I think I almost always say I am going to continue the game in my postmortem, and then I rarely do. But I’m going to say it again, I will be making a postcompo version of the game, with fixes and improvements largely to the title screen, platform generation, leaderboard, and overall increasing the speed of the game. What is going to be different this time is that I will be making a Youtube video series of the improvements to the game. The series will start on Monday September 22nd, after I finish up the Ludum Dare 30 Games series.

Trappy Tomb postmortem

Posted by (twitter: @jimmypaulin)
Tuesday, September 9th, 2014 1:31 pm


Trappy Tomb was conceived as a response to the poor score for ‘innovation’ I received from my previous LD entry ‘Midnight Minigun’. Mulling how I could do something innovative I decided that client-server would be a fun way to interact with the LD community, and since I’d have very limited time I’d also attempt to integrate User Generated Content. I didn’t want to overly burden the player with creating things so I figured that playing with or against the recordings of previous plays would be a fun way to generate content and promote interaction. The death messages idea was influenced by the LD28 entry Rude Bear Resurrection and the mega-replay idea was an homage to Super Meat Boy. My own interest in collective insect behaviours also came into the design though my original ideas of collective problem solving ended up on the cutting room floor.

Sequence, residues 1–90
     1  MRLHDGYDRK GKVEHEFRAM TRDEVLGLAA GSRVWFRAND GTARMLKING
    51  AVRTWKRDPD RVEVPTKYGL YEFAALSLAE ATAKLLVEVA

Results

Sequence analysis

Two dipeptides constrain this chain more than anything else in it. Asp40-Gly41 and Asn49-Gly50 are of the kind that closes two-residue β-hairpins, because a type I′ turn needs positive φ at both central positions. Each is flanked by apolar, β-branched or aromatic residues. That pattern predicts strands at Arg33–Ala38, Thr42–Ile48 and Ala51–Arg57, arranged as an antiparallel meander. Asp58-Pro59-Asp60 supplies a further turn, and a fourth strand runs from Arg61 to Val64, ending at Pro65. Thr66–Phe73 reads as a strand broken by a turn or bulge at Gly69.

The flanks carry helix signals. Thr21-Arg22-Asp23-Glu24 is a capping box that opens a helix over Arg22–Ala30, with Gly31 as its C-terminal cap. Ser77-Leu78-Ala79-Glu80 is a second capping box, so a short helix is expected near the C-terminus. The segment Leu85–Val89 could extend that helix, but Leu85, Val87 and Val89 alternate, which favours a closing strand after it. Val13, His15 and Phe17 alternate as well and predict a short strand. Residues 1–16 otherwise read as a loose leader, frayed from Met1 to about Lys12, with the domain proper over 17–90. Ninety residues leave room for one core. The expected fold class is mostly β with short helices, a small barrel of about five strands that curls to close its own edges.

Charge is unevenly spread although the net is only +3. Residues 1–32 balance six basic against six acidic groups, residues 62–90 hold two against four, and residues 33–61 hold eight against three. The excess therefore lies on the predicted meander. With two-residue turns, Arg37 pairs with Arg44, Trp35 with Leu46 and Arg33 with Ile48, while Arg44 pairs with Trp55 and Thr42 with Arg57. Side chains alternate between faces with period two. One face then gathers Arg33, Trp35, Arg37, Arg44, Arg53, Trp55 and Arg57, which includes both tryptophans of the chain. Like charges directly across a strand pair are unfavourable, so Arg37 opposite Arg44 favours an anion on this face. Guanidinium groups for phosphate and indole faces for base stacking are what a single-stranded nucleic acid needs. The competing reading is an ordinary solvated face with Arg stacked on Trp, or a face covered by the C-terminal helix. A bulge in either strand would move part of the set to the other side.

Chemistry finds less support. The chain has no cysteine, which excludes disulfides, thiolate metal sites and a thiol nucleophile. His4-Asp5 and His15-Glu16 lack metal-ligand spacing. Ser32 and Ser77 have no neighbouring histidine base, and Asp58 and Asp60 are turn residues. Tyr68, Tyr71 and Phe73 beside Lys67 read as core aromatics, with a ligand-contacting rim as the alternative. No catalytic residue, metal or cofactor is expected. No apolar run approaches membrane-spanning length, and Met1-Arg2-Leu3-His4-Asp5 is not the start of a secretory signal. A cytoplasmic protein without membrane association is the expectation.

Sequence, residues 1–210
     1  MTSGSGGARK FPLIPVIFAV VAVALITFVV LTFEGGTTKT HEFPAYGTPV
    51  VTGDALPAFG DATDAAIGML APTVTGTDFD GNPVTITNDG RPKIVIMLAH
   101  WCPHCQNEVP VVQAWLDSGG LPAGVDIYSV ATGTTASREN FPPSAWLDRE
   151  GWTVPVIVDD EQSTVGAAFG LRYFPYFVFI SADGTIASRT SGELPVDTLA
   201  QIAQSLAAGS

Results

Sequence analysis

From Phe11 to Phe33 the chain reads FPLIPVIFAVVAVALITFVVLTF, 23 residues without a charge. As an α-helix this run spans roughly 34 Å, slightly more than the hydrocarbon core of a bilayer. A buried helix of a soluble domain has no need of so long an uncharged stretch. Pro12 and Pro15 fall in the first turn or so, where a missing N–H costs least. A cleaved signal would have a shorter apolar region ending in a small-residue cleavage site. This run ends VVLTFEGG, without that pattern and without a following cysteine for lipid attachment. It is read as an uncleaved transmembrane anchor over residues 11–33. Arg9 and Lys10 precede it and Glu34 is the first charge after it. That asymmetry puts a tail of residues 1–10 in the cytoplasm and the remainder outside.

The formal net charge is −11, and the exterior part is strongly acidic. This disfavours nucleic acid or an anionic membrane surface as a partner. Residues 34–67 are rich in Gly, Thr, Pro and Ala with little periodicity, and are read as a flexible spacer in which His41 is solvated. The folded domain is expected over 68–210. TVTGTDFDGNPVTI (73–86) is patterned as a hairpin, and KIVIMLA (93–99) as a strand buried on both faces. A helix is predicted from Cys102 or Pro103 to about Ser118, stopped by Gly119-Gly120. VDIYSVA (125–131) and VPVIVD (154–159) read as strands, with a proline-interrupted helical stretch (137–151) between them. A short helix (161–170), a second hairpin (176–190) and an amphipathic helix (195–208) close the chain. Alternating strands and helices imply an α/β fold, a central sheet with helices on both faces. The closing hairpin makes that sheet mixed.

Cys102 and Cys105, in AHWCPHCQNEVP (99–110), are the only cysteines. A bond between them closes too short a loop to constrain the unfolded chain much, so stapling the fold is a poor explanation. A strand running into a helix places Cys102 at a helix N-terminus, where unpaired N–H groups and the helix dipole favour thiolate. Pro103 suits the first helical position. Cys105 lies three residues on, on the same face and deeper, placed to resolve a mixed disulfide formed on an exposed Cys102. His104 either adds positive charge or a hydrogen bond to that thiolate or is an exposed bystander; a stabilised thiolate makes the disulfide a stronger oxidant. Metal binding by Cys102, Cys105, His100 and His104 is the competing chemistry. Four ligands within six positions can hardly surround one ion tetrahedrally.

Trappy Tomb is set in an Indiana Jones / Tomb Raider style environment viewed from a top-down perspective. The player can move and jump. Jumping results in flying kicks which kill the bats that populate the tomb. Pretty much everything in there is lethal – spikes (timed, triggered and fixed), boulders (always triggered), pits, lava pits, bats and arrow launchers. There is also optional loot to collect. The game is split into two parts – a sizeable onboarding level in which you cannot die and your replays are not recorded, and the main Trappy arena.